From the bestselling author of Funny Girl, About a Boy, and A Long Way Down, a wise and hilarious novel about love, heartbreak, and rock and roll.
Rob is a pop music junkie who runs his own semi-failing record store. His girlfriend, Laura, has just left him for the guy upstairs, and Rob is both miserable and relieved. After all, could he have spent his life with someone who has a bad record collection? Rob seeks refuge in the company of the offbeat clerks at his store, who endlessly review their top five films; top five Elvis Costello songs; top five episodes of Cheers.
Rob tries dating a singer, but maybe it’s just that he’s always wanted to sleep with someone who has a record contract. Then he sees Laura again. And Rob begins to think that life with kids, marriage, barbecues, and soft rock CDs might not be so bad.
About the Author
Nick Hornby is the author of six internationally bestselling novels (High Fidelity, About a Boy, How to be Good, A Long Way Down, Slam and Juliet, Naked) and several works of non-fiction including Fever Pitch, Songbook and Ten Years In The Tub, a collection of his 'Stuff I've Been Reading' columns from the Believer. His screenplay for the film An Education was nominated for an Academy Award. He lives in Highbury, north London.
"I've always loved Nick Hornby, and the way he writes characters and the way he thinks. It's funny and heartbreaking all at the same time."—Zoë Kravitz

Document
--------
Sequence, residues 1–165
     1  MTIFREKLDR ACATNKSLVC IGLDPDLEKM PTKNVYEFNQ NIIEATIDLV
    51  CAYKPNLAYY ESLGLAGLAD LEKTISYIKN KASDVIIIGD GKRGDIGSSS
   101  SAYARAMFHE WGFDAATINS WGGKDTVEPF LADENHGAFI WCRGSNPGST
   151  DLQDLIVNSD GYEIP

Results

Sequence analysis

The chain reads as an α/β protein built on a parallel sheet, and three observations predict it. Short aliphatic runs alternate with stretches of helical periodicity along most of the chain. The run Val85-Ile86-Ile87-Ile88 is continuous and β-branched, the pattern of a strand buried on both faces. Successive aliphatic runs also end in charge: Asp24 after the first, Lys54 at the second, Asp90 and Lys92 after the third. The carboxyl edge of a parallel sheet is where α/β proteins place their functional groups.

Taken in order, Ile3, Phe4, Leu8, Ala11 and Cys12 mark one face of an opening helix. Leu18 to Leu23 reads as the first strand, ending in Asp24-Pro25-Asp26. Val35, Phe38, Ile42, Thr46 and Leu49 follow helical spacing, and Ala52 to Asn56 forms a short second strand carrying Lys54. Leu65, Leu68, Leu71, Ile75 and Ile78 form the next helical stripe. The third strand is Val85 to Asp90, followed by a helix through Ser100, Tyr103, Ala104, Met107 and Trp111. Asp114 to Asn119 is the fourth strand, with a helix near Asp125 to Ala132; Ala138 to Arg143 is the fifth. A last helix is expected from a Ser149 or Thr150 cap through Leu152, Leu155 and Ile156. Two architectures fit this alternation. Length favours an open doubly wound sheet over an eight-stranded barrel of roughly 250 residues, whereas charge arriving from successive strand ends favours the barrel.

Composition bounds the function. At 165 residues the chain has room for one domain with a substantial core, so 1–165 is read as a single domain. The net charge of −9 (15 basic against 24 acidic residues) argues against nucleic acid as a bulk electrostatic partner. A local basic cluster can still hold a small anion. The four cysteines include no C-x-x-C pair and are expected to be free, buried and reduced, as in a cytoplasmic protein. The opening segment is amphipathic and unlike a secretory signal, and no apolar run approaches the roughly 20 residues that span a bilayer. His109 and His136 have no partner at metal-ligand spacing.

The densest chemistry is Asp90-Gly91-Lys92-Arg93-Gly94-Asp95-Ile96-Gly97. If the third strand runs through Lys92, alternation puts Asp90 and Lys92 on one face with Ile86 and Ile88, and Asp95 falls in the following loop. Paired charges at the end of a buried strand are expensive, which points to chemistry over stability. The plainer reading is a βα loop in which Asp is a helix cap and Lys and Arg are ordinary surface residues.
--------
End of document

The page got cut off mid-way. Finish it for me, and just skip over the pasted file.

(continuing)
"As funny, compulsive and contemporary a first novel as you could wish for."—GQ
"One of the top ten books of the year."—Entertainment Weekly
"It is rare that a book so hilarious is also so sharp about sex and manliness, memory and music."—The New Yorker
"Mr. Hornby captures the loneliness and childishness of adult life with such precision and wit that you'll find yourself nodding and smiling. High Fidelity fills you with the same sensation that you get from hearing a debut record album that has more charm and verve and depth than anything you can recall."—The New York Times Book Review
"Hornby's seamless prose and offhand humor make for one hilarious set piece after another, as suffering, self-centered Rob ruminates on women, sex, and Abbey Road. But then he's forced to consider loneliness, fitting-in, death, and failure—and that is what lingers."—Spin
"Keep this book away from your girlfriend—it contains too many of your secrets to let it fall into the wrong hands."—Details